Henry Smith MP: Crawley unemployment down again

As I write this column from the House of Commons Library (I am yet to be given the keys to my Westminster office), I have just seen the latest figures stating that unemployment in Crawley has fallen again, and is down by a third in the last year.

This means that Crawley unemployment is down by more than 500 since 2010, and across the country the employment rate is at a record high of 73.5%. But I am of course aware that there is more to do.

The Conservative Party Manifesto at the recent General Election stated my party’s support for further real-terms increases in the National Minimum Wage, and accepting the recommendations of the Low Pay Commission that this should rise.

Over this last year, 80% of jobs created have been full time. I know zero-hour contracts are a problem for some, around one in 50 people are on such an arrangement. I whole-heartedly support this Government taking further action to eradicate exclusivity in zero-hour contracts.

Additionally, with regard to the cost of living, council tax for both Crawley Borough and West Sussex County Councils has remained frozen for five years, due to the determination of Conservative councillors and Government Ministers (allocating funding to local authorities who do not raise charges) not to increase the burden on taxpayers.

People in Crawley have also been helped with reductions in income tax – the lowest paid now do not pay any income tax at all.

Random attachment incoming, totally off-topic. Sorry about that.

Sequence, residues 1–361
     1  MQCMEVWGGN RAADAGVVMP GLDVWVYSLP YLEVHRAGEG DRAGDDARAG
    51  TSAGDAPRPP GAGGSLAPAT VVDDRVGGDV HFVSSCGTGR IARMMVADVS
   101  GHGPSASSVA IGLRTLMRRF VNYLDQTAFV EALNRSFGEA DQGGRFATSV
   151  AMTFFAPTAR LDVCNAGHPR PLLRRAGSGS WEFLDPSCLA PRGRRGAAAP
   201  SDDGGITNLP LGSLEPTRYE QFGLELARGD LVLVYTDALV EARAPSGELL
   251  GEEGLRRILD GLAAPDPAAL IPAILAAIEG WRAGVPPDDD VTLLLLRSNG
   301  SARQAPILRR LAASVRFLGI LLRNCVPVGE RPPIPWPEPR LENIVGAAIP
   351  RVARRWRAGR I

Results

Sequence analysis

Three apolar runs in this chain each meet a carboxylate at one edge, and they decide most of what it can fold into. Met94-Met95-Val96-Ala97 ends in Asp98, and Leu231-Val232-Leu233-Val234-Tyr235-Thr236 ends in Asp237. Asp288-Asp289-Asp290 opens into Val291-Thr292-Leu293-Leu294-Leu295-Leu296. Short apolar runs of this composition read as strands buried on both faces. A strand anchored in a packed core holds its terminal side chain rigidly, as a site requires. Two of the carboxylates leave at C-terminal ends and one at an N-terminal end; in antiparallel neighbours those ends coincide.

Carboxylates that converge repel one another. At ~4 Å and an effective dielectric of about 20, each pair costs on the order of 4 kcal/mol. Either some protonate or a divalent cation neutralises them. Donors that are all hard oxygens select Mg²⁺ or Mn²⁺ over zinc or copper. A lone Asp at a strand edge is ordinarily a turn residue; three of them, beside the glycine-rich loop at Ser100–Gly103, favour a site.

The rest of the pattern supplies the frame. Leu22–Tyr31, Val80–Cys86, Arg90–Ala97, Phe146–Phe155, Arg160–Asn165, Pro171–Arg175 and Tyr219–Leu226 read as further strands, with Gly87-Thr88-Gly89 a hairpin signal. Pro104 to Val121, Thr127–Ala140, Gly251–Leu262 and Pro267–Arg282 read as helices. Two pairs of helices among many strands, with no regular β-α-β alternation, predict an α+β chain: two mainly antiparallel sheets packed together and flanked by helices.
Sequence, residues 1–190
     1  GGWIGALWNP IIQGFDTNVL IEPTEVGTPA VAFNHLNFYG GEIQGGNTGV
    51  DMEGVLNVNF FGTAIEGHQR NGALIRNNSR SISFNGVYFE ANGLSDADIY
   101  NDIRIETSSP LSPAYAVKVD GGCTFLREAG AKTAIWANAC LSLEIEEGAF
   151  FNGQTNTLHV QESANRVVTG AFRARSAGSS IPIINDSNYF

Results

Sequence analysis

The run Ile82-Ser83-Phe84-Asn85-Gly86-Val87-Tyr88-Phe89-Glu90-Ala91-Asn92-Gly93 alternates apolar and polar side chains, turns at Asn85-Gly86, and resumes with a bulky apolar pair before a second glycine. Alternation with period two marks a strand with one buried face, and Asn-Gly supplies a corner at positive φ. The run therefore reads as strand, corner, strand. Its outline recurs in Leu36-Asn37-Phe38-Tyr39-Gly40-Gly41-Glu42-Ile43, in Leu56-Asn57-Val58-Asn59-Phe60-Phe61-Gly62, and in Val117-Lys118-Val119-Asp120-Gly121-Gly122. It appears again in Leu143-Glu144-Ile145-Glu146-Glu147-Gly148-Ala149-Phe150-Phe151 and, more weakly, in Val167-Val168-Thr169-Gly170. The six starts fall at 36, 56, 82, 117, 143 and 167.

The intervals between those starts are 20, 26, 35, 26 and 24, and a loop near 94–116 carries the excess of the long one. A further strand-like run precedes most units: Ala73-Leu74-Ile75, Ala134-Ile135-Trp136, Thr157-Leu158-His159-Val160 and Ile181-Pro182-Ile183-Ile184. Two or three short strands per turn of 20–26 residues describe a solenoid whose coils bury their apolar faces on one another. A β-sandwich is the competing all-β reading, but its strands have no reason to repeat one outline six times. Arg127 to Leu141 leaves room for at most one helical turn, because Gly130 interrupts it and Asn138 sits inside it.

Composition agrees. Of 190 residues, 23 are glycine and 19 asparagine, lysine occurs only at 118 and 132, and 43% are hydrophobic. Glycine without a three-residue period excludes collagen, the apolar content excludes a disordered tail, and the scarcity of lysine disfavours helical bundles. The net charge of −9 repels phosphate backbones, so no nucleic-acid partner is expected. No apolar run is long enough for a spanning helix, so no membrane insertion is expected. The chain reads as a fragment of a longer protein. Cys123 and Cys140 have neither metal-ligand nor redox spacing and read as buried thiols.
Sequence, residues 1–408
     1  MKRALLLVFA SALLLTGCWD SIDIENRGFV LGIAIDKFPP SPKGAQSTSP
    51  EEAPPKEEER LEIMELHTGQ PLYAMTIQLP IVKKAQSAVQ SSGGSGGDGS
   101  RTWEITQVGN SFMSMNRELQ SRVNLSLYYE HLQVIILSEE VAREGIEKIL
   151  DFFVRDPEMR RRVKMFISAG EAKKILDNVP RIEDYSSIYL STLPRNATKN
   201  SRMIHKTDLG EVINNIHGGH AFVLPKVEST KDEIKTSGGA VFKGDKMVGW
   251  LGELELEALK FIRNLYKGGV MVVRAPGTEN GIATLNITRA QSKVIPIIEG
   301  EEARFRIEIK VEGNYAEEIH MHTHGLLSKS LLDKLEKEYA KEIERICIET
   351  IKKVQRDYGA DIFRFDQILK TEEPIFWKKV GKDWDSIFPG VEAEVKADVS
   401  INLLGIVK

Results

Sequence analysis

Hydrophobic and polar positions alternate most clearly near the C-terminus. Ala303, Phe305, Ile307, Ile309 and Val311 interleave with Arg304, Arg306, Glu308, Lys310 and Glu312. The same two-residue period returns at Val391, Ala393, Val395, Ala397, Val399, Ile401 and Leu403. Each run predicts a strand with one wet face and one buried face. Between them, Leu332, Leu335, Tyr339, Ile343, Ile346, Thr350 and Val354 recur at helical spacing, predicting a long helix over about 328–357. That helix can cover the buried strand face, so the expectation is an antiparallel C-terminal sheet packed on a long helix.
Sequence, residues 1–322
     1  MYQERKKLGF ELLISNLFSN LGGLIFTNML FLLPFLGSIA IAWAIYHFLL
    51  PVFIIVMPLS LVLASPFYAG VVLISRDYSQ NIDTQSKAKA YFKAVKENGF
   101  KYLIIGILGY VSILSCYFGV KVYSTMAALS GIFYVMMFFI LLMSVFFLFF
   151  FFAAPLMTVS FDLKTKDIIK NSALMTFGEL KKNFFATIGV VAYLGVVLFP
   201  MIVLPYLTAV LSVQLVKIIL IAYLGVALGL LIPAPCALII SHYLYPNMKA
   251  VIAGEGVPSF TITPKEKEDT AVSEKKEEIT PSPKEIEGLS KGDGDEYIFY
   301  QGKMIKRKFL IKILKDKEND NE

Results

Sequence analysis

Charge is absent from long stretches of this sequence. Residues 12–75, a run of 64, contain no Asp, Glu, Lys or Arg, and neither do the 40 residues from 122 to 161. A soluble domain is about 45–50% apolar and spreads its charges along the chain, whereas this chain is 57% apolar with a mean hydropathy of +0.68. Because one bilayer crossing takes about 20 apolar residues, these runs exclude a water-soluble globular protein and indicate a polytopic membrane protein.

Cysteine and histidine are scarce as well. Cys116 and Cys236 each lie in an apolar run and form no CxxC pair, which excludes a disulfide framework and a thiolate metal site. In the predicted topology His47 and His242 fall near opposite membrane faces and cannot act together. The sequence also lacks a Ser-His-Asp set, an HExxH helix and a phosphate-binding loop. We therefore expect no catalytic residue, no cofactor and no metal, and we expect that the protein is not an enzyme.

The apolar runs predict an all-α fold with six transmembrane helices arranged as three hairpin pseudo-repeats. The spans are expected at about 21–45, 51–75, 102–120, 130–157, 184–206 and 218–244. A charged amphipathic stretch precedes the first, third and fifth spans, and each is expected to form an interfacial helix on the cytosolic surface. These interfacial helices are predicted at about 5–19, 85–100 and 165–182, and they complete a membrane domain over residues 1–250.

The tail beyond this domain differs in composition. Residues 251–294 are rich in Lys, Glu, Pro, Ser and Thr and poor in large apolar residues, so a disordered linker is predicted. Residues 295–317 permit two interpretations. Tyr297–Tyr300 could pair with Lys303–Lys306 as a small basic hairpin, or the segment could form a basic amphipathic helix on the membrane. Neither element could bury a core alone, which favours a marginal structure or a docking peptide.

People in work will benefit from changes to the tax-free Personal Allowance, which has gone from £6,475 in 2010, to £10,600. This has seen more than 26 million people benefit, with over 3 million taken out of tax altogether. The typical taxpayer is paying £825 less in income tax as a result.

Over the course of this parliament, the Allowance will increase further, to £12,500.

Local companies are able to take on more staff thanks to initiatives such as the £2,000 Employment Allowance, which the Prime Minister has confirmed will continue under this Government.

Initiatives such as this are enabling companies to take on more staff. A couple of weeks ago, I was delighted to officially open a data centre in Crawley, which is a collaboration between Rackspace, a managed cloud company, and Digital Realty, a data centre and colocation provider.

The 130,000 square foot facility will help to meet the growing demand for managed cloud services in the UK and Europe. There have been 150 jobs created for the construction of the centre, and 60 people will be employed to run the centre.

It is the responsibility of the Government to ensure the conditions are right for companies to create such jobs, and I will continue to campaign for Crawley in Westminster.